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Digitalisation & Advancements in Indian Railways

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Creating an innovative environment and user-friendly mobility system is one of the top global transportation expansion priorities. Rail transportation is recognised as an essential component of this process. Meanwhile, revolutionary progress in the business environment spurred by ICT technology necessitates an update of erstwhile business strategies and procedures used by rail operators. A thorough understanding of digital transformation is required for expanding rail transport in today’s economy. Digitalisation, as a continual cycle of physical and virtual world convergence, is linked to cyber-physical systems and is responsible for the creation and transformation of several economic sectors. The Internet of Things, cloud computing, advanced and extensive data analytics, mechanisation, intelligent machines and automation are the major technologies and solutions that have propelled digital transformation in the railway sector. 

The advent of the concept of Industry 4.0, as well as, more recently, Railway 4.0 and digital railway, clearly characterises the transformation to the modern requirements of the digital economy. The primary areas identified by the Indian railways for digital transformation include collaboration with technology and logistics partners for technological advancements, passenger-friendly applications, application integration for a cooperative Indian railways platform, freight consumer convenience, data analytics, cashless commerce, dashboards and alerts, and mobile applications. The Indian Railways has digitalised all of its services, including passenger data systems, passenger car manufacturing mechanisation, predictive maintenance, train signalling, ground control systems, procurement, and unreserved ticketing methodologies. The Indian railways have set up the Real-Time Train Information System (RTIS) associated with ISRO for computerised chart preparation and passenger train data. Nearly three thousand electric locomotives with more than 3800 diesel locomotives have been outfitted with Remmlot, helping in automated management charting for more than 6500 locomotives. The remaining locomotives shall also be outfitted with RTIS equipment over due course of time.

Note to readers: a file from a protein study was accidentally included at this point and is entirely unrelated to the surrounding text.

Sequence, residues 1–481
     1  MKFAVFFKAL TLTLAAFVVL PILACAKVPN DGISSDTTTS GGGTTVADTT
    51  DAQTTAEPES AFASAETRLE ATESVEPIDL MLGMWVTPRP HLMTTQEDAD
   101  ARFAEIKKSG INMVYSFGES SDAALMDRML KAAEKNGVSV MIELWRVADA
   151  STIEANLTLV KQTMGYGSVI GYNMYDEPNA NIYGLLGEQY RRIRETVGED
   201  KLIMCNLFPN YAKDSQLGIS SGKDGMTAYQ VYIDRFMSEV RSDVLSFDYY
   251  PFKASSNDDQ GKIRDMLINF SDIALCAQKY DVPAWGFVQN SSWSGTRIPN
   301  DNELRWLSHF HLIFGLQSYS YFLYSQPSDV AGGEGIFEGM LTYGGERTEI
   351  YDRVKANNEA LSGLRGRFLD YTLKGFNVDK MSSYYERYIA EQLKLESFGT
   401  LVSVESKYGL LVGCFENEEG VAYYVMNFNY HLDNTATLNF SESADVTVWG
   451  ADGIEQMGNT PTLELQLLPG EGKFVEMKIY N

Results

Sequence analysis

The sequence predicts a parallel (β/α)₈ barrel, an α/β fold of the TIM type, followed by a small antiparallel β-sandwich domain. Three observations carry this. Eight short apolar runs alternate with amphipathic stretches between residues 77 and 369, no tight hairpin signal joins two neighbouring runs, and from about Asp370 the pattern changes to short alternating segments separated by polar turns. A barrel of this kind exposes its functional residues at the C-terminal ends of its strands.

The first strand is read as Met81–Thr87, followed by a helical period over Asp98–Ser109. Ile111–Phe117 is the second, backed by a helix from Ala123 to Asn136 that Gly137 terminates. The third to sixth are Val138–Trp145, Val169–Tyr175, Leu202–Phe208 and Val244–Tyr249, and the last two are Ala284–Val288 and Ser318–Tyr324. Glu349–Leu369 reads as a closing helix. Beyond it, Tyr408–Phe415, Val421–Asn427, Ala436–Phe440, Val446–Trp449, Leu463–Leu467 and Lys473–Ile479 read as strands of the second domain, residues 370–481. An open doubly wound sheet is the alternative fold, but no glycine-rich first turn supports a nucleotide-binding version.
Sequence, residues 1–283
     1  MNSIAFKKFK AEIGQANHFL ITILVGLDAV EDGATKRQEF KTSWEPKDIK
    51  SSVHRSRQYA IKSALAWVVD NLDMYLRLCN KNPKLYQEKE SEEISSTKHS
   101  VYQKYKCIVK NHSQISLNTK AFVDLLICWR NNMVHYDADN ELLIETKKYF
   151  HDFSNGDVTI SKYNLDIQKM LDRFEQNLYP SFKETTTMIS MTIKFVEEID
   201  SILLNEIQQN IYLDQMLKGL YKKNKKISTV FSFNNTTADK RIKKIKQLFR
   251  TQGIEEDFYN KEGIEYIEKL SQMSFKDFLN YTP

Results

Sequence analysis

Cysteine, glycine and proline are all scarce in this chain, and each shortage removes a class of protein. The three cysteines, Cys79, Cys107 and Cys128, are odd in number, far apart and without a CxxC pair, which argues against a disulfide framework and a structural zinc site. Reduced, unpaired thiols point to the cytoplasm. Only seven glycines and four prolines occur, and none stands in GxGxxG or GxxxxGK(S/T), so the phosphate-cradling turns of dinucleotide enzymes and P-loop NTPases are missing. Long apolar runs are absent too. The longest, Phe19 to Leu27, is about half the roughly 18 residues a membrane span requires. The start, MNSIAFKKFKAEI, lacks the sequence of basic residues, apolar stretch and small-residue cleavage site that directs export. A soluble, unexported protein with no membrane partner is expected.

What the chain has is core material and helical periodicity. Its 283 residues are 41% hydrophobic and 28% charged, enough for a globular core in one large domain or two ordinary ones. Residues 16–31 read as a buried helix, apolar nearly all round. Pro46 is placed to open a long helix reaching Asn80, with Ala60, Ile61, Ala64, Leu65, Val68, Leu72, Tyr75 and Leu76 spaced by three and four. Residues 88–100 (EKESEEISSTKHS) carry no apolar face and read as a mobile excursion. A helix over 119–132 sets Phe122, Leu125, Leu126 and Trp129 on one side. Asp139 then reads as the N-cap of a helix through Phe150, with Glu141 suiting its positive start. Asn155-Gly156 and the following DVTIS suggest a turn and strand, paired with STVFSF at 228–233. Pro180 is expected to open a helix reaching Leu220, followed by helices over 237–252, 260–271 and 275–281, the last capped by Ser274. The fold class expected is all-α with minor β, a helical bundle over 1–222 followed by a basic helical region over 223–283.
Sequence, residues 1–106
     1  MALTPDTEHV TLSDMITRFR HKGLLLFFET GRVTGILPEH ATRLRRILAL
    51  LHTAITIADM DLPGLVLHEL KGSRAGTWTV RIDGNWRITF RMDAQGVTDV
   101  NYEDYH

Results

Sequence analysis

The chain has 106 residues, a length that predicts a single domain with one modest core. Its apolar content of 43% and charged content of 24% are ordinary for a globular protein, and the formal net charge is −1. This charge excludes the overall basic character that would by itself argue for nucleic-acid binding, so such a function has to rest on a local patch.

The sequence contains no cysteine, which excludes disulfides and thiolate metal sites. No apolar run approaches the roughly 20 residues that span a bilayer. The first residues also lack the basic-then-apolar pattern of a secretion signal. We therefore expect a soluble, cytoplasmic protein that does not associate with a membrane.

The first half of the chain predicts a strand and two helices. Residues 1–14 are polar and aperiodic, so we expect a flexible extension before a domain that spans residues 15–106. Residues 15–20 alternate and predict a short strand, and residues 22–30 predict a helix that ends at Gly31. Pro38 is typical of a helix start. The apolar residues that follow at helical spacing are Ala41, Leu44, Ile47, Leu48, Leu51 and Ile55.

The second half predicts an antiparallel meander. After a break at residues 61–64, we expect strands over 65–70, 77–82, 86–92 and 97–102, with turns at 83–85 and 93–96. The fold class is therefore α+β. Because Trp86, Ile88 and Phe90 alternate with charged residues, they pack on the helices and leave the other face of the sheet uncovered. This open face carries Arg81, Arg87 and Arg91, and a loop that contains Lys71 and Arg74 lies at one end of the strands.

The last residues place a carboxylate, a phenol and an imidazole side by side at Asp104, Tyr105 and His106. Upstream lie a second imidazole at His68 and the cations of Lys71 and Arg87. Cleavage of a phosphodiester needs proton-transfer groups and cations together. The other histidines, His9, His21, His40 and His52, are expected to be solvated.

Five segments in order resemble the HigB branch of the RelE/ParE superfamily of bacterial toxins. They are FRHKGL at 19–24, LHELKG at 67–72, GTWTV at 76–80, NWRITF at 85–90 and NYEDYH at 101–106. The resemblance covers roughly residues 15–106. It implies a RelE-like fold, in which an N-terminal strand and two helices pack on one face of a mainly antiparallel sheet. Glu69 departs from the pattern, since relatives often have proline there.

Automated unreserved tickets are made available to passengers at rest stations via Unreserved Ticketing System (UTS) terminals. The process takes place through the nearest node station. Indian Railways is modernising its signal system by implementing the Modern Train Control system with a Long Term Evolution (LTE)-based Mobile Train Radio Communication (MTRC) system. In order to boost productivity, the railways have introduced Industry 4.0 in modern passenger car plants. Indian railways is now also using drone-mounted cameras and 3D scanning of river bottoms to inspect bridges, with plans to use drones for rail maintenance in the future.

Indian railways has completed end-to-end digitalisation of procurement procedures. All processes, including request processing, on-demand generation, tender publication, tender finalisation, preparation and issuance of letters of approval, agreements, and changes, an assessment of material by RITES, specialised evaluation of proposals, accountability of supplies, online receipt and processing of dealer’s accounts, and delivery of material to consignees, are now digital. All of which have great advantages when it comes to procurement and assessment. The Indian Railways have been consistently enhancing its procedures and deploying new technologies and systems that meet worldwide benchmarks and regulations. Long-term objectives include improving functional implementation and consumer satisfaction.

It is important to remember that Indian Railways has the world’s fourth-largest rail grid, trailing only the United States, Russia, and China. The railways has around 128,305 kilometres of total track across a 68,103 km route and approximately 7,325 stations (until March 31, 2022). With about 1.3 million employees, Indian Railways is the single largest employer in the country and the eighth-largest in the world. It is divided into 18 zones and has the world’s fourth-largest freight traffic. The Indian Railways is a lifeline for over 25 million people who use it on a daily basis. 

 

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